not a member? click here to sign up
The Temper Trap
Aussie band broaden horizons and let in a little Californian sunshine
Craig Fitzpatrick, 25 May 2012
For their second long-player, Australia’s Temper Trap decamped to LA. You’d know it – this is an LP that shimmers warmly throughout. It’s sweet and soothing, if occasionally verging on the saccharine. And, perversely, it’s also proof that you can have a too much of a good thing. Dougy Mandagi’s high-register vocals have long been hailed as the band’s trump card, and that acrobatic technique is employed throughout The Temper Trap. Coupled with the twinkling, reverb-drenched high-note guitars, by the end you’re suffering from falsetto-exhaustion and in serious need of some low rumble.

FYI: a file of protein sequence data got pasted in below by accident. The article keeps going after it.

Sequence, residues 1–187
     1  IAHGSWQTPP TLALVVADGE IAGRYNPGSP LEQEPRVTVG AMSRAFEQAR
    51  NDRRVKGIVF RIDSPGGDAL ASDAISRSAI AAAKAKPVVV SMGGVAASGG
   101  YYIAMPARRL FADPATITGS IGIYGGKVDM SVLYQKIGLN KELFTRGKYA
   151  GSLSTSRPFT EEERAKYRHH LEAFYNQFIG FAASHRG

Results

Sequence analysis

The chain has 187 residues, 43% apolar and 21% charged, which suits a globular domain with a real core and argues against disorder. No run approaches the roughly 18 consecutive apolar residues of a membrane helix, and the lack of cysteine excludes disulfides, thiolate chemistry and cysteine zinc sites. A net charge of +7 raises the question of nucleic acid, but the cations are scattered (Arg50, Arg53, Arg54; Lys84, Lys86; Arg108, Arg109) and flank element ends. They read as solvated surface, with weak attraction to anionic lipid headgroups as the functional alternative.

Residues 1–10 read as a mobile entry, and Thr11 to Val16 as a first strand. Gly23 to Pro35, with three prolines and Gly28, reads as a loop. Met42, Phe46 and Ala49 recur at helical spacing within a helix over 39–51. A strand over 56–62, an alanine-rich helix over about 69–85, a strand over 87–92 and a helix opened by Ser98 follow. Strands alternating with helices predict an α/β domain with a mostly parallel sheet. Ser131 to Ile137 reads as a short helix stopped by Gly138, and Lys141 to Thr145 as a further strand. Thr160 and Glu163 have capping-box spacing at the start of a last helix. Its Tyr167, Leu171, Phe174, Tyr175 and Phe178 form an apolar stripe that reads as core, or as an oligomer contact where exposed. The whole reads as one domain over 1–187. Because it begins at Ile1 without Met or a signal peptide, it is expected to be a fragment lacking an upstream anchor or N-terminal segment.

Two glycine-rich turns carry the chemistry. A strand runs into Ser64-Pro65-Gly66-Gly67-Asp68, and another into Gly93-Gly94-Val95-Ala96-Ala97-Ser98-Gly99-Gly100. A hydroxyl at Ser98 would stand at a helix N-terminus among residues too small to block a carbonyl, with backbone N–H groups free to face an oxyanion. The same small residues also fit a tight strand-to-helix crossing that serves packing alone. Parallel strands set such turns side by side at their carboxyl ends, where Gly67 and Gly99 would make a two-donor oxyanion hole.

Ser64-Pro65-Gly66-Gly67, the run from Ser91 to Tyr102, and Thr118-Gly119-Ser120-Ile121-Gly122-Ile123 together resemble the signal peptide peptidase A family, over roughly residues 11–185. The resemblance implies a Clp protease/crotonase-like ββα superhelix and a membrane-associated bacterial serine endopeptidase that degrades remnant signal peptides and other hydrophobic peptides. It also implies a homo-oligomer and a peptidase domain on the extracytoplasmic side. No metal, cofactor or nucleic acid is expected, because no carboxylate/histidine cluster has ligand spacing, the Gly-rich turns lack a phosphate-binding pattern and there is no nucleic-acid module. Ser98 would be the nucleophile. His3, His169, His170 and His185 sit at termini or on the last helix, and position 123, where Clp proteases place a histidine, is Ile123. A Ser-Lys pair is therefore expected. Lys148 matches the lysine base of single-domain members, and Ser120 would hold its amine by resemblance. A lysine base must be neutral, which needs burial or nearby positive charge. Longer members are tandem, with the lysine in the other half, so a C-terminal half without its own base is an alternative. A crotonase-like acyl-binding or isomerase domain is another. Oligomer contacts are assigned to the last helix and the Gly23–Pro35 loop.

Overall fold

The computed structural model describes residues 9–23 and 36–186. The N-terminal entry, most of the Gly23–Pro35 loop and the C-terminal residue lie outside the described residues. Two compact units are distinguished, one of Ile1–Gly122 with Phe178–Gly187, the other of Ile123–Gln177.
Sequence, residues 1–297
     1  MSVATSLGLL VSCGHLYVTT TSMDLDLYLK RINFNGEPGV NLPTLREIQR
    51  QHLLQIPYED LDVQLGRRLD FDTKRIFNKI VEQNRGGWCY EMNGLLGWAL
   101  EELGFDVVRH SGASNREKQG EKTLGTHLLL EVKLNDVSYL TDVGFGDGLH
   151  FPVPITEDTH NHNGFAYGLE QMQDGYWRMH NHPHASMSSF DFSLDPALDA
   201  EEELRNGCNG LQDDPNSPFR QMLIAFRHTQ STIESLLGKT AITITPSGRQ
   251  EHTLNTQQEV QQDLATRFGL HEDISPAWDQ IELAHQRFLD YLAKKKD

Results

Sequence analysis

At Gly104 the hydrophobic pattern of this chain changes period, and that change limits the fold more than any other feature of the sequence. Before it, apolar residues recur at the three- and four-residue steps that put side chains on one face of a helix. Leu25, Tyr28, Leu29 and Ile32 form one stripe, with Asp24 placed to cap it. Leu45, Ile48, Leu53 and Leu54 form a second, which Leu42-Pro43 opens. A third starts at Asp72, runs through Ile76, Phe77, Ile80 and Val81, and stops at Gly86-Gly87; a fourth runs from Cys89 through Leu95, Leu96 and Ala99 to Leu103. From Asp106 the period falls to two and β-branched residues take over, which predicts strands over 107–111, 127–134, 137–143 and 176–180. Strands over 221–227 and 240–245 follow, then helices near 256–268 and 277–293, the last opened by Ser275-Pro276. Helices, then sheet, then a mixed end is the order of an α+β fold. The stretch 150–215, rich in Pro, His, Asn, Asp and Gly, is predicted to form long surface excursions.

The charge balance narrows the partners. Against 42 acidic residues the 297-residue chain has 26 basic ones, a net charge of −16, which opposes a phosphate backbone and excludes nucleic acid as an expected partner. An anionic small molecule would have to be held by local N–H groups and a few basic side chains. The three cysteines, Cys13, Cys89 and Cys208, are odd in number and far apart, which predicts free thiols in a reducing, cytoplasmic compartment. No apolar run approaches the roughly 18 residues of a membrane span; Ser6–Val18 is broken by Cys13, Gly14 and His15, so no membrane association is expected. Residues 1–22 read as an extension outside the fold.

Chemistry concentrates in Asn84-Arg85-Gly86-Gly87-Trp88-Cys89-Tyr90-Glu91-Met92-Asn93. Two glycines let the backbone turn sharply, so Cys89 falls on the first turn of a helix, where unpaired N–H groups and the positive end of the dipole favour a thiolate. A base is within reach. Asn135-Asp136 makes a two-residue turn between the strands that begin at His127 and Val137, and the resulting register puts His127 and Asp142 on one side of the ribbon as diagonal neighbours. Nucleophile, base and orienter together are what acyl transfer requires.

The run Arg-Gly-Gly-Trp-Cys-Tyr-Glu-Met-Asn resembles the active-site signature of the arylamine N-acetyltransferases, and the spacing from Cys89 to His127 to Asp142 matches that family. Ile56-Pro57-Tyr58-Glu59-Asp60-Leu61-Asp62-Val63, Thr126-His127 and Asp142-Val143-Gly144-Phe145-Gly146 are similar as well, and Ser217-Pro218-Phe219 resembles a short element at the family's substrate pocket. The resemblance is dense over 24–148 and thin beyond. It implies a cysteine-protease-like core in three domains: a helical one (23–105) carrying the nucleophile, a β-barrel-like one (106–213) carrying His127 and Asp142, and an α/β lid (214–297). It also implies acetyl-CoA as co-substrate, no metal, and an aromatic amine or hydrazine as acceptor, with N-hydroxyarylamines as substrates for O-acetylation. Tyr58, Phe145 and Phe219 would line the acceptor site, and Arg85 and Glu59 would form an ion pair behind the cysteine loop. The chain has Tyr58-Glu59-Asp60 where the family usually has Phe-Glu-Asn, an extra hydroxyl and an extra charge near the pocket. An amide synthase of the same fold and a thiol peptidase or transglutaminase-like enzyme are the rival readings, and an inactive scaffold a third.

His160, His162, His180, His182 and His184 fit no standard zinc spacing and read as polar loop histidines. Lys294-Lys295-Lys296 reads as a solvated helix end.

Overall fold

To start with the negatives: ‘Miracle’ is delicate and bruised but trying a little too hard perhaps to become a phones-aloft anthem. And it’s not alone. The overall aesthetic is Wild Beasts – but too often without the genius or idiosyncrasies. And in ‘London’s Burning’, which uses news coverage of last summer’s riots to doubtful effect and comes across like a Hard-Fi protest lacking a point, they hit a real low. Elsewhere, however, there is redemption. Aided by the addition of Joseph Greer on guitar and keys, they’ve broadened their sonic palette, bringing the synths to the fore. And buoyant synth pop suits them. ‘Where Do We Go From Here’ rubs shoulders with Future Islands and the real highlight is first single ‘Need Your Love’, a superb track which sounds like it sprang from the British pop charts of the ‘80s.